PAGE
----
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PM links softwood dispute to energy
By SHAWN MCCARTHY
Friday, October 7, 2005 Page A1
NEW YORK -- Prime Minister Paul Martin warned Americans yesterday that the Bush administration may be jeopardizing secure access to abundant Canadian energy supplies by undermining NAFTA in the protracted softwood lumber dispute.
And while he complained about the fraying of the North American partnership, the Prime Minister reminded his New York business audience that China and India have an enormous and growing demand for raw materials -- an appetite Canada is happy to feed.
"For us, there is no doubt, China and India represent an exciting new opportunity that we intend to take advantage of."
While he leavened his address with a declaration of undying friendship and shared values, Mr. Martin's tone was blunt, at times even chippy, over the U.S. handling of the softwood controversy.
"Forgive my departure from the safe language of diplomacy, but this is nonsense," he said. "More than that, it's a breach of faith. Countries must live up to their agreements.
"We have to recognize that NAFTA is a framework, not just for the trade of commodities, but for the trade of most goods and services, investment and energy," he said. "And for this to operate smoothly, we have to rely on the dispute-settlement mechanism."
The Prime Minister travelled to New York to deliver an indirect but unmistakable message that the ongoing softwood fight is undermining the Canada-U.S. relationship -- including unfettered energy trade.
Mr. Martin also slammed President George W. Bush's plan to open up the Arctic National Wildlife Refuge for oil drilling, saying the damage to the environment would far outweigh any modest addition to U.S. crude supplies.
The visit yesterday was Mr. Martin's first since becoming Prime Minister, with the exception of trips to the United Nations. He gave a dinner speech to the Economic Club of New York, sat for an interview on CNN and attended a meeting of The Wall Street Journal editorial board.
The Liberal government has been frustrated since August over the refusal of the Bush administration to abide by a NAFTA panel ruling favouring Canada and ordering the return of $5-billion in tariffs collected under U.S. anti-dumping rules.
Yesterday, Mr. Martin sought to ratchet up the pressure on the administration by making a direct appeal to U.S. consumer and business interests, which end up paying high lumber costs as a result of the tariffs.
But on Wall Street these days, the name of Canada conjures images of endless energy supplies. And the Prime Minister sought to capitalize on that interest by making a broader point about fair play between free-trade partners.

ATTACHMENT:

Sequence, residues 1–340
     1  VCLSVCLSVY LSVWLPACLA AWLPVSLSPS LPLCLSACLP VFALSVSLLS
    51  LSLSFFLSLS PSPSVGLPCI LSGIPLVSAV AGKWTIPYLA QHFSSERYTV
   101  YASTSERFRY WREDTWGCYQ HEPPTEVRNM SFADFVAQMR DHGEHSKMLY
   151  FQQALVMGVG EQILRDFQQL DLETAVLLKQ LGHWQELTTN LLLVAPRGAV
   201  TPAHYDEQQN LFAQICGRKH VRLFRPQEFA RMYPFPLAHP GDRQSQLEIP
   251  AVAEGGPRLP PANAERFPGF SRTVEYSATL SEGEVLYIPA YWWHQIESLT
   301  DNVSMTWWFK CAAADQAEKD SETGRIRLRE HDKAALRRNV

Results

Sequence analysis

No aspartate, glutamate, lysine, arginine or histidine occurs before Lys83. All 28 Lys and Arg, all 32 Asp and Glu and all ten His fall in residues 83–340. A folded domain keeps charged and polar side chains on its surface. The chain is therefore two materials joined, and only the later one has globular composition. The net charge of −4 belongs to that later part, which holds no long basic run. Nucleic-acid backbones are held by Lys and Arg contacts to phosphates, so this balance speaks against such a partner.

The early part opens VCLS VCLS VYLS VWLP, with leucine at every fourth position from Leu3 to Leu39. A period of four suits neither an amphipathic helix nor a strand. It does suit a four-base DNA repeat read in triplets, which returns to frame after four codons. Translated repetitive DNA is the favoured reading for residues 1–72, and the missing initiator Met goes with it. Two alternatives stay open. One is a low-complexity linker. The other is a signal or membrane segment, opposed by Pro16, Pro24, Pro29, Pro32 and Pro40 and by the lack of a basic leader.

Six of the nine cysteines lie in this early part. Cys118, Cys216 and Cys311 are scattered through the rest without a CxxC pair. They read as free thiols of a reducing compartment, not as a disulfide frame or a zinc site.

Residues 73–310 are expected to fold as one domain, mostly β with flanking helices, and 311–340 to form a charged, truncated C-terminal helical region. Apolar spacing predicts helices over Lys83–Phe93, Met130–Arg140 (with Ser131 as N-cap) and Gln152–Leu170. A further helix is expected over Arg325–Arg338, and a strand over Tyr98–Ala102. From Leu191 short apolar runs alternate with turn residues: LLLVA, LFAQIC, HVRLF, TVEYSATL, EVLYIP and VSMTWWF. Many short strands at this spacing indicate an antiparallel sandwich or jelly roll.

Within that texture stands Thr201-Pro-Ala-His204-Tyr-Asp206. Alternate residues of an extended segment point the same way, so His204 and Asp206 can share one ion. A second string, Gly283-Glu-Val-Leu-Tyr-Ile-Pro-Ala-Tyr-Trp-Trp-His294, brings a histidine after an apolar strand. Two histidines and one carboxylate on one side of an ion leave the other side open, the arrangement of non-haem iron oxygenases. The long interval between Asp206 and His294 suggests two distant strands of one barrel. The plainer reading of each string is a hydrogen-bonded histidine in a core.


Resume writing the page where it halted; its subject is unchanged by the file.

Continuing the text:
Mr. Martin said the U.S. government has undermined the dispute-settlement mechanism of the North American free-trade agreement. That same dispute mechanism, he noted, governs more than just softwood trade, but also trade in energy, where the U.S. is increasingly reliant on Canadian sources.
On CNN, Mr. Martin again appeared to connect the dots between the softwood dispute and energy exports. After complaining about Washington's decision to ignore the NAFTA panel's ruling on softwood, the Prime Minister addressed questions on how Canadian oil sands can help satisfy the U.S. thirst for oil.
"We are your largest single supplier and we are going to continue. We're not going to let the Americans down, but we want to see that partnership work in the widest possible way," he said.
Mr. Martin was walking a fine line with his message. For years, federal and Alberta politicians, and Canadian executives, have journeyed to New York and Washington to promote oil-sands development, which requires massive capital investment, which is often raised on Wall Street.
The Prime Minister spent little time in his speech extolling the potential of the oil sands, except to suggest that the reserves there would be more than adequate to offset any loss of potential production if the U.S. protected the Alaskan refuge.
In his address, and in the questions after posed by Robert Hormats, vice-chairman of Goldman Sachs International, and Rodgin Cohen, of the Wall Street law firm Sullivan & Cromwell, Mr. Martin hammered on the theme of a rapidly changing world, with the rise of China and India as both markets and competitors to the U.S. dominance.
The emergence of such competing powers, he argued, made it essential that Canada, the United States and Mexico enhance their economic position through NAFTA. He noted, however, that the rise of the Asian powers will provide Canada with new markets for raw materials and other exports that have traditionally gone to the United States